The Henley Passport Index is widely acknowledged as the original and most authoritative passport index, with historical data spanning 13 years. The ranking is based on exclusive data from the International Air Transport Association (IATA), which maintains the world’s largest and most accurate database of travel information, and is enhanced by extensive, ongoing in-house research. The index is updated in real-time, as and when visa-policy changes come into effect. Unlike other passport indexes, which only count countries as destinations, the Henley Passport Index includes both countries and territories in its dataset, making for a more robust and holistic view of global passport power.
Hugh Morshead, Member of the Executive Committee of the leading investment migration firm Henley & Partners, says, “Global citizenship is on the rise, with more and more individuals seeking opportunities and experiences beyond their countries of origin. Borders in certain key parts of the world may be tightening, but elsewhere access is evolving. In terms of visa policies and regulations, every week we are witnessing a growing number of countries — especially outside of the West — opening up their borders to strategic partners as they seek to deepen diplomatic relationships and tap into the immense economic value that tourism, international commerce, and migration can bring.”
Asia’s steady rise in passport power
The Japanese and Singaporean passports are among the few in the world that provide visa-free access to all of the four major global economies — India, China, the EU, and the US — which is part of what makes them the best travel documents to have today.
Over the past year, China and Indonesia have also made great strides in improving the global mobility of their citizens, each gaining access to 13 additional destinations and climbing 11 and 10 positions on the index, respectively. Dr. Parag Khanna, Senior Fellow at the Centre on Asia and Globalisation at the National University of Singapore, says the power of Asian nations is growing steadily.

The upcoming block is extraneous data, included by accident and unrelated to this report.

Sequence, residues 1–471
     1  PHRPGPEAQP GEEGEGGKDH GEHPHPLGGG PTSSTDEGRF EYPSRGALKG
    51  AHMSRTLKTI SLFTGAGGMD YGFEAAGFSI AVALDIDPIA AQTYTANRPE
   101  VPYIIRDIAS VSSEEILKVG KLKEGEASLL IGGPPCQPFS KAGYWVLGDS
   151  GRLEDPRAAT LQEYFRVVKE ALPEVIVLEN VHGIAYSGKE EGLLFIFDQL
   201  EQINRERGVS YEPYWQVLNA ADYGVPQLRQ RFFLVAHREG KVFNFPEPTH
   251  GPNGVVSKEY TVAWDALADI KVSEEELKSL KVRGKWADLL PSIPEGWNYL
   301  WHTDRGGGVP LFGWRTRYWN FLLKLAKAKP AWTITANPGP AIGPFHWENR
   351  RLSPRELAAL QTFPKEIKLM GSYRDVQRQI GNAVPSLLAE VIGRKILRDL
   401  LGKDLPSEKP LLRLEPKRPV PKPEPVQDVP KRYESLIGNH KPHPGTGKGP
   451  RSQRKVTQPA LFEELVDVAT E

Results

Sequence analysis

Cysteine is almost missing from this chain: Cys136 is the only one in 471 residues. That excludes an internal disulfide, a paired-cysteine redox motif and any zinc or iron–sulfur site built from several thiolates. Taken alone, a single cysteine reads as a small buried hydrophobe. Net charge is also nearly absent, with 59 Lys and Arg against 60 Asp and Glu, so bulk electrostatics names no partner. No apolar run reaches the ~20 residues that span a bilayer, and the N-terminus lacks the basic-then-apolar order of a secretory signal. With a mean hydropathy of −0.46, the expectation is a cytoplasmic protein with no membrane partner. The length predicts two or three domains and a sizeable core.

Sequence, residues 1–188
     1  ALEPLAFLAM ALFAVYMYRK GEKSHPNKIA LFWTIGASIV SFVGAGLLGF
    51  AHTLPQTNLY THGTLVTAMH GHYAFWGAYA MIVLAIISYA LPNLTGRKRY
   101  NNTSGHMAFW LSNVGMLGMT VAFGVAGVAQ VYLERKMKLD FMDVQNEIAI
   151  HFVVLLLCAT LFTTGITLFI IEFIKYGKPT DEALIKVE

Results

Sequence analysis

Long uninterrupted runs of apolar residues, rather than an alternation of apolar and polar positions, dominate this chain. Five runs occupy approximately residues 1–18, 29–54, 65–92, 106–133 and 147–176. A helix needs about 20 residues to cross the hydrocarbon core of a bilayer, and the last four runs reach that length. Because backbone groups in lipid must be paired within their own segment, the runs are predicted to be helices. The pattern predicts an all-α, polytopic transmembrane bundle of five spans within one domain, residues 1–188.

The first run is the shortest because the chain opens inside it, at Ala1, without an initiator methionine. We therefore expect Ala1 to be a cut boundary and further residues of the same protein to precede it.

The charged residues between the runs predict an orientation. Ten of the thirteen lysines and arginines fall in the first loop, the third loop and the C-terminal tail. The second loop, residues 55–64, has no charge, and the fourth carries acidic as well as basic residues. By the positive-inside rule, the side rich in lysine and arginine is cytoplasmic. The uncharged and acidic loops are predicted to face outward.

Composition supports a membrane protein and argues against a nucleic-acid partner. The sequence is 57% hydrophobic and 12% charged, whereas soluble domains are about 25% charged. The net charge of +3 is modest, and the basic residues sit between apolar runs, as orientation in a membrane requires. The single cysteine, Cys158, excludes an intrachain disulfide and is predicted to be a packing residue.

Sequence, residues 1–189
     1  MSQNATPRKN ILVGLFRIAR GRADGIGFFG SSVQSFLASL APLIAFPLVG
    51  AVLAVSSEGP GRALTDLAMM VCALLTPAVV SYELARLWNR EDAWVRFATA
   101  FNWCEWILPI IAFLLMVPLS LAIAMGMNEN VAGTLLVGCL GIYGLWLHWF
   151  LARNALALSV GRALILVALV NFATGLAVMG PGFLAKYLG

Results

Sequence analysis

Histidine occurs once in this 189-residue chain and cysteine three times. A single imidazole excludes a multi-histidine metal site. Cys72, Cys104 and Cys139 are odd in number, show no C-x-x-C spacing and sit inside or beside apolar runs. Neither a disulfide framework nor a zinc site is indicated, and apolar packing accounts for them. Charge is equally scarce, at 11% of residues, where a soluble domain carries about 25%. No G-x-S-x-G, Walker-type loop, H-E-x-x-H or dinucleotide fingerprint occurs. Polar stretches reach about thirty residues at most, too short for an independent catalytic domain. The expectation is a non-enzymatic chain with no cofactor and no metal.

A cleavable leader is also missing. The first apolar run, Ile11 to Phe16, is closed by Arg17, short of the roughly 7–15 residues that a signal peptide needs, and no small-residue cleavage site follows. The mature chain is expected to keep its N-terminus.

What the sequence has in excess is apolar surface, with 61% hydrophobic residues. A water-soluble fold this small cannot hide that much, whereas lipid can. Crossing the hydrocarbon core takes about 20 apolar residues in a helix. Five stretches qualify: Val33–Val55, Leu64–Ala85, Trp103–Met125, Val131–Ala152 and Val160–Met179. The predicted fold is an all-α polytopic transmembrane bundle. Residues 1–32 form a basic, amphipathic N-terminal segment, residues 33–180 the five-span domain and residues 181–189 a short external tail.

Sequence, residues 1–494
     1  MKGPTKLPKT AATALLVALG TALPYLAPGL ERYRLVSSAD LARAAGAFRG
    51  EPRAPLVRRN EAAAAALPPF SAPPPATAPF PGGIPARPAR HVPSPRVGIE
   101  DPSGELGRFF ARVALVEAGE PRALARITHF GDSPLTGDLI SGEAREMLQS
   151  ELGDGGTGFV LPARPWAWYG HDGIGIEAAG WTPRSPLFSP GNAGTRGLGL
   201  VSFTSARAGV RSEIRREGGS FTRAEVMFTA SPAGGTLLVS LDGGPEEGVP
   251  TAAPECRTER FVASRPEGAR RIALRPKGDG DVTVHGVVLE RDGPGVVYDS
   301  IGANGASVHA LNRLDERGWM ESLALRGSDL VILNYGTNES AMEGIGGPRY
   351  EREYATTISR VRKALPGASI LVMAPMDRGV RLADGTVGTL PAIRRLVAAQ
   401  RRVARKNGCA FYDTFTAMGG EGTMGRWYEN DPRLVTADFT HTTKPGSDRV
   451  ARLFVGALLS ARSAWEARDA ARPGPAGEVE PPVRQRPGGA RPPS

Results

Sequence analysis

“It is perhaps long overdue that wealthy Asian states such as Singapore and Japan would equal and now even exceed Germany’s ranking among the world’s most powerful passports,” says Khanna. “These two states in particular are identified as peaceful commercial powers, with their citizens interested primarily in business and investment activities. For its part, Japan has long been one of the world’s leading capital exporters, and this role has grown in the wake of ‘Abenomics’, the set of economic policies implemented by Japanese Prime Minister Shinzō Abe at the outset of his second term. Singapore, which has long been the portal for investment into Southeast Asia, is now also the major conduit for outbound Asian investment as well.
“The most recent rankings also show promising gains for South Korea and Malaysia. South Korea has edged ahead of Australia and New Zealand, reflecting its pattern of international commercial prowess in the mold of Japan. Malaysia has gained ground on most EU members, with its businesses now reaching across Asia and Africa. We can certainly expect that in the coming years more Asian powers will use the combination of commercial expansionism and reciprocal entry policies to climb up the Henley Passport Index.”
UAE sets the standard for the Middle East